Also, this author writes: “One of the outstanding differences between the European and the American Indian was the fact that in America the Indian was permitted freedom of thought while in Europe an individual’s thinking was done for him by autocratic ad dogmatic leaders….”Among the Iroquois, dictators were unknown. No man could tell another what he must do. Every man and every woman was allowed freedom of expression. Every person was allowed to decide for himself what he should do…’We counsel together’ was a famour phrase of the Iroquois.”
Another writer, Felix S. Cohen, says this: “American Democracy, freedom, and tolerance are more American than European and have deep aboriginal roots in our land.”
And another writer, even yet, writes this: “Under the influence of modern theories of race and climate, it has been fashionalbe to trace the roots of American freedom to the Anglo-Saxon inhabitants of dark German forests, most of whom were serfs. These historians forget that there were free men in America before the first white settlers arrived with their slaves and indentured servants. There is more truth in a popular account of America widely circulated in Great Britain in 1776: ‘The daring passion of the American is liberty and that in its fullest extent; nor is it the original natives only to whom this passion is confined, our colonists sent thither seem to have imbibed the same principles. Truly the passion for liberty as practiced by the Iroquois was a contagious thing.”
And so ends a mystery that I’ve carried for several years. The urge to be free, to think our own thoughts, to go our own way is embedded deep in our roots, I think. It’s in the air that we breathe. It’s as much a part of this land as the giant cottonwoods and gentle weeping willows. It’s a wish from our ancestors — a wish given to us by Haiwatha and the person they call the Peacemaker so long ago that people to this day argue over when it really took place. All I know is that they set into motion a wish that all men would be free, that all men would come to be friends, and that the land they called Turtle Island (North America) would lead the way to freedom and a land free of war…forever.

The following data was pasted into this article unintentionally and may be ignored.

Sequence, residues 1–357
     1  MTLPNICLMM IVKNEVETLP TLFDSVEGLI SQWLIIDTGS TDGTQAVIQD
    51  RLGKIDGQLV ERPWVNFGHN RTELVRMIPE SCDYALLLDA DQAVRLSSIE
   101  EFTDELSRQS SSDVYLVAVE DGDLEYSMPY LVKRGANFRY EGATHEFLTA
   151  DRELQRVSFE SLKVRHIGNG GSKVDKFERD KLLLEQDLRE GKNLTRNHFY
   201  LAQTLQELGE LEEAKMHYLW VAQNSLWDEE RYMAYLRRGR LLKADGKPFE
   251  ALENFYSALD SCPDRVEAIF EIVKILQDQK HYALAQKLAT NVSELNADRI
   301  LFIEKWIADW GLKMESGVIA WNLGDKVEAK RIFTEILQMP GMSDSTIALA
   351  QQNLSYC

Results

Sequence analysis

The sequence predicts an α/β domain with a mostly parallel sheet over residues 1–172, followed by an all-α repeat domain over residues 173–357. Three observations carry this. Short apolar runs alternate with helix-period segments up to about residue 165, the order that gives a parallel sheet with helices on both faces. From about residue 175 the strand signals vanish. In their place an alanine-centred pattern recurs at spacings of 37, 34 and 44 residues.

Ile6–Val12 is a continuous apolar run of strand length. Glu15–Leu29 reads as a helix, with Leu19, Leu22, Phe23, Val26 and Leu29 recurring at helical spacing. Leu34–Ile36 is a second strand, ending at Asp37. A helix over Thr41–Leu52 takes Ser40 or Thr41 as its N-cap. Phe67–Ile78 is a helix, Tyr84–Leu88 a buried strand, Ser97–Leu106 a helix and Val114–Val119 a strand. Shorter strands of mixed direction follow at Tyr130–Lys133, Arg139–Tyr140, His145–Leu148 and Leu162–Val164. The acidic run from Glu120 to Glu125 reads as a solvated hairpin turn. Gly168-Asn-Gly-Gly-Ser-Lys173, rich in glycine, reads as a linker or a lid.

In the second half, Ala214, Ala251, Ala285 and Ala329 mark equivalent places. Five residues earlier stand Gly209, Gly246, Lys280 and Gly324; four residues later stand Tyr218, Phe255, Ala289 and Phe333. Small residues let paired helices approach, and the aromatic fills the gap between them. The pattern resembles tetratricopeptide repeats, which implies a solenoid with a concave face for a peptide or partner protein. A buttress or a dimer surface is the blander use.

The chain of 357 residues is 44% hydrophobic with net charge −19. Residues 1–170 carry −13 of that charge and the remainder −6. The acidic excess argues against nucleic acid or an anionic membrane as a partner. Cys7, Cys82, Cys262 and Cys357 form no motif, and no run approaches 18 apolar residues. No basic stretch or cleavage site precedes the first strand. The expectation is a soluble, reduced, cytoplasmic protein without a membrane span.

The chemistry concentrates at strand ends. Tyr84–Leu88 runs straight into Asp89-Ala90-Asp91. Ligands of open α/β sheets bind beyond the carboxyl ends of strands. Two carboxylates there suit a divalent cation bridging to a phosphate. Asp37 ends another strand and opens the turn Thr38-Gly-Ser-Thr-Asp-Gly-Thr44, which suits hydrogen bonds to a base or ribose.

Okay, so now that we’ve talked about this a little, let me ask you this? Can you feel it? Can you feel that wish that is still alive to this very day? I think that our Veterans felt it. I think that those who gave their lives for their country understood how very precious freedom is and how much it is our heritage. I think it’s still alive and well to this very day. And perhaps this is what makes a man great — to set into motion an idea that leads others to envision a way of life that is free from tryanny, where another is free to say what he thinks, to believe what he thinks and to live his life as he sees fit, so long as he realizes that others also have this right.
Well, that’s all for today. So tell me, what do you think? Did you know this? Or is it coming from out of the blue? Let me know your thoughts and also what you did on Memorial Day.
And now before I end this for the day, please allow me to say that if you don’t already have your copy, please pick up a copy of BLACK EAGLE today — it is a story of the famous Iroquois (a Mohawk warrior), the same people who Haiwatha and the Peacemaker lead to freedom all those hundreds of years ago.